I want to begin by saying, I fully support the idea of independent bookstores. They provide not only a place to buy books, but a place to build community. Many independent bookstores hold readings and signings. It is through many of these bookstores that certain poets, throughout the years, have been promoted and recognized. It is a vital part of the literary community.
Having said that, there aren't these kind of independent bookstores everywhere. I've never lived in a really big city or a very literary city, so I've read about the amazing happenings at independent bookstores, but I've rarely personally witnessed them.
All of the articles I have read on the topic, praise independent bookstores and demonize Amazon. This is easy to do. We love stories about the little guy or the underdog. We like to hate big business (even while most of us still support it with our money). And when I'm saying "we," I'm including myself. I don't enjoy going to big box stores. I think big business, as a whole, is hurting our country. But it is also very easy to demonize the big guy and make the issue seem very black and white.
In the case of independent bookstores vs. Amazon, the issue isn't that black and white. Amazon is a big company and they can sell items for much cheaper prices than a local independent bookstore and that, in turn, can greatly hurt these stores and put them out of business. They do seem to be wanting to control the selling of almost everything. This is probably not going to be a great thing, if they fully succeed. Yes, I understand these issues, and I know, like most big businesses, Amazon has some questionable practices.
On the other hand, I have to consider my own experience and factor this into the equation. I grew up in a small Indiana city as a gay boy who wanted to be a poet. The only independent bookstores in my town were Christian bookstores. We didn't even have a big box bookstore like Barnes and Noble or Borders. When I discovered Amazon, I felt like I had discovered the world. Amazon gave me access to books I would never have been able to find (probably in the entire state I lived in). Through Amazon, I could buy poetry books, classic gay literature, and new gay books. These books helped shape me into the person I am today and the poet I've become.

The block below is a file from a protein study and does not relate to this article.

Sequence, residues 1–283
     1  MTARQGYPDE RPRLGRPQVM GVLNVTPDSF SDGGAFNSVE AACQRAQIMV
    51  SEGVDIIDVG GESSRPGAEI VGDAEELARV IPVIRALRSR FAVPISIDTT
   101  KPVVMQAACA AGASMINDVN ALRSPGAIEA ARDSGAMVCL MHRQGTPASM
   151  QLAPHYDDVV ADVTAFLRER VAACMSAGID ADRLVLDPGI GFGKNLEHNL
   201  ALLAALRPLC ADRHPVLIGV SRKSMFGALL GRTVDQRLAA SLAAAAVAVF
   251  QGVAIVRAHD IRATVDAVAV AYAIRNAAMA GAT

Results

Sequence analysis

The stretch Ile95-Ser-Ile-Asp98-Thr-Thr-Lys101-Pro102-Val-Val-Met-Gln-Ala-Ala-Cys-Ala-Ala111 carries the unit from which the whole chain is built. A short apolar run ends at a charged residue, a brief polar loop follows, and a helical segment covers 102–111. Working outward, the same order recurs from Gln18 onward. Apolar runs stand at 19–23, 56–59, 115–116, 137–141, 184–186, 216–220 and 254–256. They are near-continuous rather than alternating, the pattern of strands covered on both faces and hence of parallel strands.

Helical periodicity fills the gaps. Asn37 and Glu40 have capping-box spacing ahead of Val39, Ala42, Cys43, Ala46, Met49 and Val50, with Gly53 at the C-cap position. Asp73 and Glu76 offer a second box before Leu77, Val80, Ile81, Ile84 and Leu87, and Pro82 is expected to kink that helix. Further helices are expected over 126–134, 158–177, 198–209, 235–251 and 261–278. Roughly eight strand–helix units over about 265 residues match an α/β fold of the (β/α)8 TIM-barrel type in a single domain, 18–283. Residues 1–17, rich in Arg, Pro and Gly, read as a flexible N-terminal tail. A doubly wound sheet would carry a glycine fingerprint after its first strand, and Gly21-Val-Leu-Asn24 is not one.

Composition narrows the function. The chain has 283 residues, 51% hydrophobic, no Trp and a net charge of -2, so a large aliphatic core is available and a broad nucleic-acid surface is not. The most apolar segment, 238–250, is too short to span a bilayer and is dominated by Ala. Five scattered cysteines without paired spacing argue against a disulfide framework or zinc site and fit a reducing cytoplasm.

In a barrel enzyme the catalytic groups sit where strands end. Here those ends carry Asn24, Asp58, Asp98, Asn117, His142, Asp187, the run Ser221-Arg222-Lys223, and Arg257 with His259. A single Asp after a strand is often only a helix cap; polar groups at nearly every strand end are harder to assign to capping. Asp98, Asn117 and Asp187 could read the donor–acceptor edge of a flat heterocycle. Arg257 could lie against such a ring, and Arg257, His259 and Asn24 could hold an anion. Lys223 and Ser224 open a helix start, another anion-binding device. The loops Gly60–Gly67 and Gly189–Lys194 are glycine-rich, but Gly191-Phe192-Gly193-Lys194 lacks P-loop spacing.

I went college in an even smaller rural town in Indiana with even less access to many books. I relied on Amazon through college to provide me with a window into a broader more accepting world. In grad school, I also relied on Amazon, partially for the same reasons. Tallahassee, FL isn't exactly booming with access to literature. I also had very little money as a grad student and Amazon gave me a place I could get more bang for my buck (besides, compared to the practices of most college bookstores, Amazon wins in my mind).
When I read these articles, I often feel that these writers forget that the middle of the country exists or that the South exists or some people live in small, rural areas. I've never lived in New York City or San Francisco. Every place I've lived, it has been very hard to find the books I want to read or need to read. In some cases, I could order the books from the presses themselves, which I do sometimes. Other times, the books are no longer available through the presses and there are few other options. When I attend readings, I often purchase the books at the reading, which helps support the author and the press. This again is not always an option.
I'm not saying Amazon is perfect or we shouldn't be concerned or that it isn't hurting independent bookstores, but I am saying that this issue is more complicated than many seem willing to admit. Amazon does serve areas where people don't easily have access to a variety of books.
The world is changing. I don't want to see all independent bookstores wiped out, but I do want some young gay teen in rural Indiana to be able to buy the books he needs/wants to read. We can demonize Amazon all we want, but it is winning the battle because it can offer a world of books to anyone in the world. I don't think the solution is simply to ignore that or to demonize that. There is some good here.
I don't have all the answers, but I wanted to write this post to continue the discussion and to gray the issue just a bit. We need to find a balance. We need independent bookstores. Those of you who live in areas with great ones, should be supporting them. We also need access to keep people reading and engaging in the literary world. Right now, these two seem at odds with each other, and I hope eventually a bridge can be built.
-Stephen (2 Cents)